Reliability of Marine Structures

Reliability implies estimate of limit state probabilities of the marine structure under adverse environmental loading, while safety is used to indicate reliability.

Safety is related to an existing process. It has direct consequences to failure. It is deterministic approach. On the other hand, reliability is a probability of the realization of safety. It has a converse consequence of failure. Reliability is assessed even before failure is foreseen and therefore reliability methods are based on engineering judgement. Accuracy of the results of a reliability approach essentially depends on the data from which the results are arrived.

As both safety and reliability are circumscribed around failure probability, the definition of failure becomes important. It (failure) generally expressed in probabilistic terms and is assessed by the ability of a system to perform its intended function adequately on demand for a period under specific conditions. Reliability is the probability of a system performing its required function adequately for a specified period under stated conditions. The most important aspect of reliability is accounting for the uncertainties that make marine structures vulnerable to failure for a predefined limit state. Accuracy of reliability analysis depends on how accurately all the uncertainties are accounted for in the analysis.

The period of time, during which the structure is unable to perform, is called downtime or shut down time.

Uncertainties in Marine Structures

In dealing with design of marine structures, uncertainties are unavoidable. Uncertainties are broadly classified into two types:

(i)                  Those associated with normal randomness (aleatory type) and

(ii)                Those associated with erroneous predictions and estimations of reality. (epistemic type)

The aleatory type generally arises from the loads that result from nature (e.g., earthquakes and floods). On the other hand, the epistemic type needs to be reduced using appropriate prediction models and sampling techniques.

DETERMINISTIC AND PROBABILISTIC APPROACHES

Deterministic Approach

An approach based on the premise that an explicit and unique solution is available is a deterministic approach. In this approach, uncertainties are not formally recognized or accounted for; hence, uncertainties are associated with a probability of either 0 or 1. Although safety factors indirectly account for the uncertainties, one is concerned only with the reliability associated with this value. In conventional analysis, however, one is not concerned with the reliability associated with this unique value.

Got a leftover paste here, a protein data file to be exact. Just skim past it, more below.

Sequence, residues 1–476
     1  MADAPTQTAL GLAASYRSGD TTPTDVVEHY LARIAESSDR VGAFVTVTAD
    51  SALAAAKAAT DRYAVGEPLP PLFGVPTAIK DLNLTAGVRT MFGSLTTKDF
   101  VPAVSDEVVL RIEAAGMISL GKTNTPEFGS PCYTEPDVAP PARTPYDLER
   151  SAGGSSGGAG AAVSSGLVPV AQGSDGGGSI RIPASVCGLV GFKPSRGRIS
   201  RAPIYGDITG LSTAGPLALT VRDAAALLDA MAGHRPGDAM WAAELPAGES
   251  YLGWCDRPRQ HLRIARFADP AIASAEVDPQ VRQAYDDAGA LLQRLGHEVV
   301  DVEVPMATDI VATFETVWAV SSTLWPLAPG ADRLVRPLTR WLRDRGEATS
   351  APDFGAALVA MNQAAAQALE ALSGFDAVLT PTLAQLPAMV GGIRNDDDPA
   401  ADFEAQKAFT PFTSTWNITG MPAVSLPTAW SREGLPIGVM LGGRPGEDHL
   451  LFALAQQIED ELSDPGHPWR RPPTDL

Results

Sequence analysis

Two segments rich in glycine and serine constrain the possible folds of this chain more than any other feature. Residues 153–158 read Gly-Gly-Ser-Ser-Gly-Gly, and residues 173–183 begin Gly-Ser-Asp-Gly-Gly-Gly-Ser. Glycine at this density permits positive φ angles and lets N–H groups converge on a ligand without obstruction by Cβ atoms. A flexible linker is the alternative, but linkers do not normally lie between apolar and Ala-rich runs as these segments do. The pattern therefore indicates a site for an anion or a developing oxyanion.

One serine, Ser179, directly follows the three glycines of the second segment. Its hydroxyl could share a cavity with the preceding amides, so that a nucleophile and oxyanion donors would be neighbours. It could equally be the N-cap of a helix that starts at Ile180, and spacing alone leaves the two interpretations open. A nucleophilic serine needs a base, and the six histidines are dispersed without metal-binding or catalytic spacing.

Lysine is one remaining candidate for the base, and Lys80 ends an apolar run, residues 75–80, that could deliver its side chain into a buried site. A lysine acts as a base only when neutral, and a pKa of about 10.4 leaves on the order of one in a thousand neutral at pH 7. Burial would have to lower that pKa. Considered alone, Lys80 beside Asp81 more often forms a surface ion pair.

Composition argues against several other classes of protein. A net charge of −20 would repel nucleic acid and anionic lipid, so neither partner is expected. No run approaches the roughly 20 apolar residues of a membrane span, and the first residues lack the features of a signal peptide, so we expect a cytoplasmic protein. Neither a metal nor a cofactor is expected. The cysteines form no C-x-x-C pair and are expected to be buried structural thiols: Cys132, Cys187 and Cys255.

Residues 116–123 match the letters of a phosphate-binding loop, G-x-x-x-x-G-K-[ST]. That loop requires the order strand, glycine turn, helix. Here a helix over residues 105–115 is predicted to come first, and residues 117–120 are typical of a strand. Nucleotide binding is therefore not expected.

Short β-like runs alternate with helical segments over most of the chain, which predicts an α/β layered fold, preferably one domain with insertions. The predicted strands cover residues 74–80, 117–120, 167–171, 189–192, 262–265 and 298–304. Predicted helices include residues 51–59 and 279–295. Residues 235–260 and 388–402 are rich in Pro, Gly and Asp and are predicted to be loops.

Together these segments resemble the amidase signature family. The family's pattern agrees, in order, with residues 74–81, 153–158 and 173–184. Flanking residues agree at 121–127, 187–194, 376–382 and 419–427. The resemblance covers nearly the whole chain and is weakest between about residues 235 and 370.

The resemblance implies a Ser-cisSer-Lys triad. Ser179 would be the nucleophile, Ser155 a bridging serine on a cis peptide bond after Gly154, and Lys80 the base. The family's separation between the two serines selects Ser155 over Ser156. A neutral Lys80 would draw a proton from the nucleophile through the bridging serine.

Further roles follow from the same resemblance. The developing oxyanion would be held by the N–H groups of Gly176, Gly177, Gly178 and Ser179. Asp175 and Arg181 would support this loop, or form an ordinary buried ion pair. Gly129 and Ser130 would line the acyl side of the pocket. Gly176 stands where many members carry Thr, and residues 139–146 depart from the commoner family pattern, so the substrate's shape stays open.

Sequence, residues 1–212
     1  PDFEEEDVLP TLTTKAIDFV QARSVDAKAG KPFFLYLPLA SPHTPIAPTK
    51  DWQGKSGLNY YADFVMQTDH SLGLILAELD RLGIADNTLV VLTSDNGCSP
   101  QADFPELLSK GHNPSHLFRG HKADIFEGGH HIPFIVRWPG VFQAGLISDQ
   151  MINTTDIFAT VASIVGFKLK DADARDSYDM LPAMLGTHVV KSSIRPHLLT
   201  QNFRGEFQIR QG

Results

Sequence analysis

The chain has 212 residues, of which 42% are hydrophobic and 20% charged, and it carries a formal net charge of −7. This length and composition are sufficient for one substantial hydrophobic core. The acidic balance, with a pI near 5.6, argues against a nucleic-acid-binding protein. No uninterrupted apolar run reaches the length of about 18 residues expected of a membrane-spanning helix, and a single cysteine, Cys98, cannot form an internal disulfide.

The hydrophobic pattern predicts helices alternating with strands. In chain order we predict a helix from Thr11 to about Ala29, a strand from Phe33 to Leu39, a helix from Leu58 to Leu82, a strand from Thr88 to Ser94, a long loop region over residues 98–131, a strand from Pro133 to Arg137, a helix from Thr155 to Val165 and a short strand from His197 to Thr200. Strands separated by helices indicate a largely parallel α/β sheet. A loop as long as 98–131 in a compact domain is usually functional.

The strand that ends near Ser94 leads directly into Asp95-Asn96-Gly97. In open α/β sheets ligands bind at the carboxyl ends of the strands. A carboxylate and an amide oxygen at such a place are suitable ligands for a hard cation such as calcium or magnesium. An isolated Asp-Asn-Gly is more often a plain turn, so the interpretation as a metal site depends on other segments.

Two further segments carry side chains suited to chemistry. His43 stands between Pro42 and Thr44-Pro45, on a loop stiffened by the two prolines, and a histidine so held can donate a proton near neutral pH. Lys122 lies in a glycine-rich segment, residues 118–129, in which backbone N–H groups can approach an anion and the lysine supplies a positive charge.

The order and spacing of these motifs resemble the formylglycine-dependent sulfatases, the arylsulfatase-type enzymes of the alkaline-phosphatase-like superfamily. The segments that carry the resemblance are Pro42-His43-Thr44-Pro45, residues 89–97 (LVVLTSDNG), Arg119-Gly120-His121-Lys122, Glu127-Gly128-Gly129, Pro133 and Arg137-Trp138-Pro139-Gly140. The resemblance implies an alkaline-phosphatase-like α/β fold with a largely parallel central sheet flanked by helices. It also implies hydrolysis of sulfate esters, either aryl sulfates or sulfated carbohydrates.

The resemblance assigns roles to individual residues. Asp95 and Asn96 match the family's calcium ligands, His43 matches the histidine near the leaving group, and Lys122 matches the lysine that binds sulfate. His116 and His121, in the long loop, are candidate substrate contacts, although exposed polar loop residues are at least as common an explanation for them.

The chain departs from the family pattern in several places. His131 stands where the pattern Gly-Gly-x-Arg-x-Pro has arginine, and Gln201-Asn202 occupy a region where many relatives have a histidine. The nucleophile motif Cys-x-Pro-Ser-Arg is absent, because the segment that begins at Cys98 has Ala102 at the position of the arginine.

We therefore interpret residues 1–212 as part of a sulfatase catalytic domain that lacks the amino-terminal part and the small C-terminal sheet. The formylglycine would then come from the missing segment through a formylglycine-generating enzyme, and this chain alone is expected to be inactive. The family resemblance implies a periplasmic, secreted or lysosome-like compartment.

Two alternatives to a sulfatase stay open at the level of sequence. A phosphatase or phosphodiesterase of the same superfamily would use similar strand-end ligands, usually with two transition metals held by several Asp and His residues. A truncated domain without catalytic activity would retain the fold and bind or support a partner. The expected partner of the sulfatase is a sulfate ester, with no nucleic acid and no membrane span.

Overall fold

Probabilistic Approach

A probabilistic approach is based on the concept that several or varied outcomes of a situation are possible; hence, there is no unique solution for a given problem. Uncertainties are formally recognized in this approach. Description of the physical system includes randomness of the data and other uncertainties. This approach aims to determine only the probability of the outcome of any event that may occur. It is expressed in percent, indicating the degree of confidence in the estimated values. Probabilistic modeling aims to study a range of outcomes from given input data. Accordingly, the description of a physical situation or system includes randomness of data and other uncertainties. The selected data for a deterministic approach will, in general, not be sufficient for a probabilistic study of the same problem.

Reliability analysis cannot be accurate because it is practically impossible to identify all uncertainties; hence, engineering judgment is applied. Further, the method of modeling and analyzing them is not easy. Therefore, many assumptions are made during the analysis, which is the primary reason for inaccurate results. Most importantly, analytical formulation of the limit state surface and subsequent integration of the probability density function within the domain of interest is a highly complex task that declines the accuracy of the reliability estimates (Naess and Moan, 2013).

FORMULATION OF A RELIABILITY PROBLEM

Formulation of a reliability problem can be broadly divided into two groups:

(i) time-invariant problems and (ii) time-variant problems.

In both cases, limit state function, which could be based on the serviceability requirements or ultimate strength criteria, is defined. The reliability problem seeks to find the probability of the limit state of failure or violation of limit state conditions (Papoulis and Pillai, 1991).

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